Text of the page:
Getting a tutorial or how-to video right comes down to planning it well. There are good reasons as to why and how you should plan your video in general, for example so that your shoot runs efficiently.
It’s particularly important to plan a tutorial video so that it’s clear and achieves its objective of teaching people a new skill. So, for optimal results, consider these best practices on how to plan a tutorial video.
VARIANTS of the tutorial video
The tutorial video structure
Here's a great example of a tutorial video made by Shootsta.
To plan out your ideal tutorial video, you’ll need a:
The basic structure of a tutorial video has 6 parts + relevant cutaways.
As with any video, the introduction is where you grab and keep your audience’s attention. Let’s breakdown what that looks like for a tutorial video:
Within 3 seconds, grab attention: Start with a strong visual, a bold statement, or a provocative question to engage the audience’s interest. This hook should focus on the problem your video solves, or on the solution itself.
e.g. “Everything you know about baking is wrong.”
e.g. “Watch this tutorial, and your life will get a whole lot easier.”
Within the first 10 seconds, set the scene: Introduce yourself and establish your topic. Keep it short and to the point.
e.g. “Hi, I’m Martha. I’m the Learning and Development Manager at Example Business, and today I’m going to show you how to use our new portal to book a training session.”
Within the first 30 seconds, communicate your key message: Establish the problem or need you’re addressing, then give a very brief outline of your topic.
e.g. “What a lot of people don’t know about the new portal is…
What I’m going to show you is that there are three steps to using the portal: Step 1, Step 2, and Step 3.”
Clearly explain the preparation steps the viewer should take before starting the process. For example, this might include organising access to software, collecting the right tools, or checking safety equipment.
e.g. “Before you begin, make sure you’ve organised a login for the portal, and that you have a few moments set aside to focus on the task. You’ll also need to ask your line manager about the right user permissions for you.”
Be clear and concise as you explain your steps. The more simply you can explain each step, the more likely it is that your audience will understand and retain the information.
Avoid jargon and keep your language simple. If you have to use a technical term, take a moment to explain it in layman’s terms as well.
e.g. “Make sure you have an appropriate amount of headroom, which is the amount of space above your talent’s head in the frame.”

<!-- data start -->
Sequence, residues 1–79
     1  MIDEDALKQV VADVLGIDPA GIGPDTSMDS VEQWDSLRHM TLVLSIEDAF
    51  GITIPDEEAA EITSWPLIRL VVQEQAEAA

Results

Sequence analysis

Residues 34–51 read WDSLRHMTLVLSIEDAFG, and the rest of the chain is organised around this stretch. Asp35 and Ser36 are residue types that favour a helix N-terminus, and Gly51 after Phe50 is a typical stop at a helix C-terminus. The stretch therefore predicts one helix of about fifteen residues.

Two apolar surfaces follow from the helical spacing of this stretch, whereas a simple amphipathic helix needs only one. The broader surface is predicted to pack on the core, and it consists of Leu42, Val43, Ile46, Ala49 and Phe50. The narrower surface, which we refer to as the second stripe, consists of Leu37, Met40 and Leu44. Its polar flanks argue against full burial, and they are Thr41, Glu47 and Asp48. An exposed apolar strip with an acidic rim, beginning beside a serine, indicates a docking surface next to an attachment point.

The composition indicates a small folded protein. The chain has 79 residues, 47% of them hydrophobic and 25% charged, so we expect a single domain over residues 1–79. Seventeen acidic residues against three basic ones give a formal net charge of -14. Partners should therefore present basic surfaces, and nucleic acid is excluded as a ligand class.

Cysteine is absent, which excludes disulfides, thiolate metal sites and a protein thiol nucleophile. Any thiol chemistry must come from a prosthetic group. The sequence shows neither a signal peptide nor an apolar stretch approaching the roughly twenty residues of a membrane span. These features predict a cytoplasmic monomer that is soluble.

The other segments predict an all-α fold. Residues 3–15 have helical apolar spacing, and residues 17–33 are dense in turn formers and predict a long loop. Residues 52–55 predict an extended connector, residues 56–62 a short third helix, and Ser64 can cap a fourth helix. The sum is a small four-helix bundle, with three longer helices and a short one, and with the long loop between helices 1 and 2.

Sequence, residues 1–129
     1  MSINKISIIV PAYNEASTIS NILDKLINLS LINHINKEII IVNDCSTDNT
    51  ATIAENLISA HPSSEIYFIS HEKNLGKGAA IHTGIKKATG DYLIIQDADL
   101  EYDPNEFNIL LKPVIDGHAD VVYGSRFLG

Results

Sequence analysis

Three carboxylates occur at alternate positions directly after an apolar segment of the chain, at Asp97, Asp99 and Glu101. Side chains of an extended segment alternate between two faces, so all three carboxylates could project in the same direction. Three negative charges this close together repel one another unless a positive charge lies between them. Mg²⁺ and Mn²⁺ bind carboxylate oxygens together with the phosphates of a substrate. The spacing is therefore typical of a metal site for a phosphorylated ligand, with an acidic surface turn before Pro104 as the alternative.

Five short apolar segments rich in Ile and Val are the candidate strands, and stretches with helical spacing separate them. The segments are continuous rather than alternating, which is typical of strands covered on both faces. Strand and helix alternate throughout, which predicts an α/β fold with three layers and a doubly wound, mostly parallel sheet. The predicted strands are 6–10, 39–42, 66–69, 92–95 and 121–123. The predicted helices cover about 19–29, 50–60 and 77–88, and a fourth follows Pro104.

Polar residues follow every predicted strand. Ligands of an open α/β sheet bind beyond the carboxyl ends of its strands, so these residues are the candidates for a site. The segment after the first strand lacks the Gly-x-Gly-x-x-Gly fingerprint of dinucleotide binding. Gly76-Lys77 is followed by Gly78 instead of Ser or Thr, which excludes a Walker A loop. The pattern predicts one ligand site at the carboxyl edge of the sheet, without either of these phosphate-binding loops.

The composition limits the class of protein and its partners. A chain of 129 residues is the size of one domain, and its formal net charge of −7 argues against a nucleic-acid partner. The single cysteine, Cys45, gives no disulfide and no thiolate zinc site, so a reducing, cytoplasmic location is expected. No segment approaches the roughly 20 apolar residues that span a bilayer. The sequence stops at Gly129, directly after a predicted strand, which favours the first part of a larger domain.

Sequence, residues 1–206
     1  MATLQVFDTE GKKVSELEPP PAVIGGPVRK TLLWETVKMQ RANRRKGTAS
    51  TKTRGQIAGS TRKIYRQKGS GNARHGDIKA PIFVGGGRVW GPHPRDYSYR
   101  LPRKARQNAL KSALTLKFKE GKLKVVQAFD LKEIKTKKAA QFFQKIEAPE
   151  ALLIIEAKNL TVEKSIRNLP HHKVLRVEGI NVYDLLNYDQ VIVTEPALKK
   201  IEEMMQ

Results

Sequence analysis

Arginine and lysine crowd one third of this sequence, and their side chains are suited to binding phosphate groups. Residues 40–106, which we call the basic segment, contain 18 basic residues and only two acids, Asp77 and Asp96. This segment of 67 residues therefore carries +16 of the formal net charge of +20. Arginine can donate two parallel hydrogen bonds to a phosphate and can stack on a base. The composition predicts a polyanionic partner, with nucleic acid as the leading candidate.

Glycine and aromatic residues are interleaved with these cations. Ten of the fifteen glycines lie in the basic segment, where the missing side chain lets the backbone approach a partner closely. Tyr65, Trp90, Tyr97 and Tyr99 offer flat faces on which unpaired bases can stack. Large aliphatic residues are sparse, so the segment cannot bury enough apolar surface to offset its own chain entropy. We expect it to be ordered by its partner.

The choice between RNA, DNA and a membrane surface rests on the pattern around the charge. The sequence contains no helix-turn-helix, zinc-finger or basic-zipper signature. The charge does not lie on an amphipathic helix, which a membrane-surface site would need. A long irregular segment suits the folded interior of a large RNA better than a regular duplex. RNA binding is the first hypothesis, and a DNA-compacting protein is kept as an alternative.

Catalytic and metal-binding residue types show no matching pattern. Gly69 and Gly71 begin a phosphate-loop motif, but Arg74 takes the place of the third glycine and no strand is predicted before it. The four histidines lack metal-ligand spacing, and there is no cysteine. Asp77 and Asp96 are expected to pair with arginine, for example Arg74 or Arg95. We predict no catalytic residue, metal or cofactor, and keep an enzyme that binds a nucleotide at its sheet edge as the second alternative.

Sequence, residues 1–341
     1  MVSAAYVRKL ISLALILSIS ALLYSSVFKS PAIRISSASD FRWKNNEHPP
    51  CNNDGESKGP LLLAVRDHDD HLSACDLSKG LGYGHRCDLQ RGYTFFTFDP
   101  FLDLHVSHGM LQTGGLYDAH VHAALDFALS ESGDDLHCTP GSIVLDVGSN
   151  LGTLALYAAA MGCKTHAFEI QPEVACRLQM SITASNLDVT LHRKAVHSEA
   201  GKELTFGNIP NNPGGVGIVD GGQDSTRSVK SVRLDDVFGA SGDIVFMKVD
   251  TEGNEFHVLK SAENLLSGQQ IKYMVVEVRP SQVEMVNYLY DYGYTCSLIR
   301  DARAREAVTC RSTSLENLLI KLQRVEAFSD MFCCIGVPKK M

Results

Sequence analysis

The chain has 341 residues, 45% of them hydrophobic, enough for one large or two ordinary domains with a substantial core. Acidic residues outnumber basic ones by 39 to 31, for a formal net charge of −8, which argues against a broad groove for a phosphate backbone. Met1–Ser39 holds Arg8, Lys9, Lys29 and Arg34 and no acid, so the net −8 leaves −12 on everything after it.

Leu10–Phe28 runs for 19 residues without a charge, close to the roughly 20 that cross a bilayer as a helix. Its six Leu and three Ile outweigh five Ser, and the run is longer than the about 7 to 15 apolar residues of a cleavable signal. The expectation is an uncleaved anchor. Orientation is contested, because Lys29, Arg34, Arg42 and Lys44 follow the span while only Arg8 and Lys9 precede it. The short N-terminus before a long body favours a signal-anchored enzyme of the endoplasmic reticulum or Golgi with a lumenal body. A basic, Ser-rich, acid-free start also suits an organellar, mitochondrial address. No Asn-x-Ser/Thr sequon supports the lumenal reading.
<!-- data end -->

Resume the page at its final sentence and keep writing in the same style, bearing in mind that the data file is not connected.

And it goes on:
Use signposts in your language to let your audience know where they are in the process.
e.g. “The first step is…”, “After that…”, “For the third step…”, “Finally…”
If the process you’re showing is something that has a tangible result, the Reveal can be an effective way for the viewer to compare their finished product to the best-practice version. For example, if you’re making a recipe video, the Reveal might show the finished dish, with somebody taking a first forkful. If this isn’t relevant for your tutorial, for example in a video on safe work practices, you can skip straight to the Recap.
Visuals are king for the Reveal, though of course your voice-over can continue to point out features of the finished product if you choose.
Engage with the finished product, showing it in action or being enjoyed. One example of this is the recipe video, where the reveal is the moment where you see somebody taking a first forkful of the finished product.
Reiterate your steps to reinforce the process. This section won’t always be necessary, but it’s especially useful to spend one or two sentences on a brief recap if the explanation for each step has been in-depth.
e.g. “So, remember: using the new portal is as simple as logging in, clicking the menu, selecting from the dropdown, and pressing save. Easy!”
6. Call to action (CTA)
Make sure you have a clear call to action at the end of your video. You can learn more about calls to action in our article on how to create an effective call to action.
Relate your CTA to the process you’ve demonstrated
e.g. “Now that you know how to set up your account, sign in and check out the new tool”
e.g. “Give this recipe a try tonight and post your photo in the comments!”
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